Barnsley's staff and players have come out strongly in opposition to the proposed European Super League and striker Carlton Morris says the Reds’ promotion push is ‘a perfect example of the fairytale story that they are trying to close the door on.’

Twelve clubs, including six from the Premier League, have agreed to join a new European competition which would have 15 permanent members who would never be relegated.

It could replace the Champions League and puts those clubs’ participation in their national competitions in doubt, sparking overwhelming condemnation from the UK government, leagues, associations, coaches, pundits and fans’ groups.

The news broke during Barnsley’s game against Coventry City on Sunday then the players watched Gary Neville’s criticism of the proposal on Sky Sports on the bus back from Birmingham and were ‘nodding along’ says Morris.

He told the Chronicle: “What we’re doing is a perfect example of the fairytale story that they are trying to close the door on. We are all overflowing with motivation at the moment but, if this gives the lads some more, we’ll take it. Leicester City were in League One drawing at Mansfield away then a few years later they were the Premier League champions and getting to the Champions League.

“It would take away a competitive edge and have a detrimental impact on the football pyramid which is, in my opinion, sacred. I can’t see any way in which this can be positive.”

Reds head coach Valerien Ismael caused surprises in his playing career as he won cups with Strasbourg in France and the German double with Werder Bremen. He says that kind of story would be less likely after the formation of the Super League, which he is ‘completely against.’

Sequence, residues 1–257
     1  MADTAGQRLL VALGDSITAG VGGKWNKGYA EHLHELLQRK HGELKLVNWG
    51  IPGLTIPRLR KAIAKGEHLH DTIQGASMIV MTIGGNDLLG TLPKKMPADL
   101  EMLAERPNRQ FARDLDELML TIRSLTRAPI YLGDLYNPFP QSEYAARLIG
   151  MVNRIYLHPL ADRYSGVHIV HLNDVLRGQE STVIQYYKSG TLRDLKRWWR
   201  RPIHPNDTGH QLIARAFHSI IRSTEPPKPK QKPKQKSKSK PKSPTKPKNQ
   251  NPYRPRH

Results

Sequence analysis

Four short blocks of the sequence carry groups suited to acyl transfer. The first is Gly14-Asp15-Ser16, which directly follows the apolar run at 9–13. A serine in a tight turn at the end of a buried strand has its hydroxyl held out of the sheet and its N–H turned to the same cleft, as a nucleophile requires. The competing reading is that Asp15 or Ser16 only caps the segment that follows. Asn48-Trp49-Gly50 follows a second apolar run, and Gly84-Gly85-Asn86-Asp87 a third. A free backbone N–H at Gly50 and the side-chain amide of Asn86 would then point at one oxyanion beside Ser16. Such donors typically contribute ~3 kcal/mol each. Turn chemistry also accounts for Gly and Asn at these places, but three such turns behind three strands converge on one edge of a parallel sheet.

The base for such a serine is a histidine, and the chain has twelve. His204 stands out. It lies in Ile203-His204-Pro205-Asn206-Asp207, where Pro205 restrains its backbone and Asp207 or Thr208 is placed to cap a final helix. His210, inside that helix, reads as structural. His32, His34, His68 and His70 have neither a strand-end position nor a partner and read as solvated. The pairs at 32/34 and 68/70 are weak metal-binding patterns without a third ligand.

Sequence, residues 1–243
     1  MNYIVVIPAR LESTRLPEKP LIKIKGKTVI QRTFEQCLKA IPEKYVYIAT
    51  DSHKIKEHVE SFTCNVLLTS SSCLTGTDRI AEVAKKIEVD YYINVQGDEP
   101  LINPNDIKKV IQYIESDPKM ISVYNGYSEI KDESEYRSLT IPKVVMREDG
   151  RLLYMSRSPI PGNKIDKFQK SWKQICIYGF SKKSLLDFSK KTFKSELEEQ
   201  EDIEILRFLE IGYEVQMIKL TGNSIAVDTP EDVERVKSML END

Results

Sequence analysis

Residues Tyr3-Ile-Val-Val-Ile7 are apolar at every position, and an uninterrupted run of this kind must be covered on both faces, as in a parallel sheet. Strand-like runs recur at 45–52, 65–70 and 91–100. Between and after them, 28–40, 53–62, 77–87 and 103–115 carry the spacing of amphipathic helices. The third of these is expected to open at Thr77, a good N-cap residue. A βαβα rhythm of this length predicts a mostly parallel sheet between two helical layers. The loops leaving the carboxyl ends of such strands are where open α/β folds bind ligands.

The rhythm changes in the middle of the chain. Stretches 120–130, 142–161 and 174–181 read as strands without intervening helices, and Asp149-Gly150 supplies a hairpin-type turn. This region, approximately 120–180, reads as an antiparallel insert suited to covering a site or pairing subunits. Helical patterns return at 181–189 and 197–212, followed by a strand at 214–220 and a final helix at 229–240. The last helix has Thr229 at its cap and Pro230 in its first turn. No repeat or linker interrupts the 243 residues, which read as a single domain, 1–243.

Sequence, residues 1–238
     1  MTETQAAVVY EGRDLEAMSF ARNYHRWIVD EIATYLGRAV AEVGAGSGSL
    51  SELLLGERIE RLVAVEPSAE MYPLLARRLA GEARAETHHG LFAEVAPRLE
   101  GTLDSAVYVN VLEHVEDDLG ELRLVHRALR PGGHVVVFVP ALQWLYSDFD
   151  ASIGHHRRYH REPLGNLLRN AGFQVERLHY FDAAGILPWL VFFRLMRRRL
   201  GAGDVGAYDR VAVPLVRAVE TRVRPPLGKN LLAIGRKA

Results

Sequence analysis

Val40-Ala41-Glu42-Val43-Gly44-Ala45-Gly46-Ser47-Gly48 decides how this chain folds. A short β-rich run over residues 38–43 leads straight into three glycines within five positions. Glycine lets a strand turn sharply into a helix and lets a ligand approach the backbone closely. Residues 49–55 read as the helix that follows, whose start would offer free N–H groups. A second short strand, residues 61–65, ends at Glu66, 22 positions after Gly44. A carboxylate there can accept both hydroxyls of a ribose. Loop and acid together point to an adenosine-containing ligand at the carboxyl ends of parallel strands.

Ismael said: “Since I was six or seven years old, I wanted to play in the Champions League and dreamed to play in a stadium with the fans and have an emotional connection with them.

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“To create this new league is artificial with no history. We already have big leagues and the Champions League.

“I was surprised and shocked. It is a business decision without involving anyone else especially the managers and the players who I feel for because they are getting the frustration.

“It is not in the values of football which are togetherness and closeness.

“To go your own way in a pandemic, is a bad sign. I am completely against the Super League. When the president of Real Madrid (Florentino Perez) says it is more attractive to play against Manchester United, it is disrespectful to Leicester City or West Ham United who have had fantastic seasons and will deserve to be in the Champions League if they finish in the top four. It is selfish.

“Everyone struggles with finances now, but it is important to stay together.

“It is not a problem if you have an owner from America or somewhere else, they just need to love football and not only business.”

The league now looks set to be cancelled with the majority of teams withdrawing.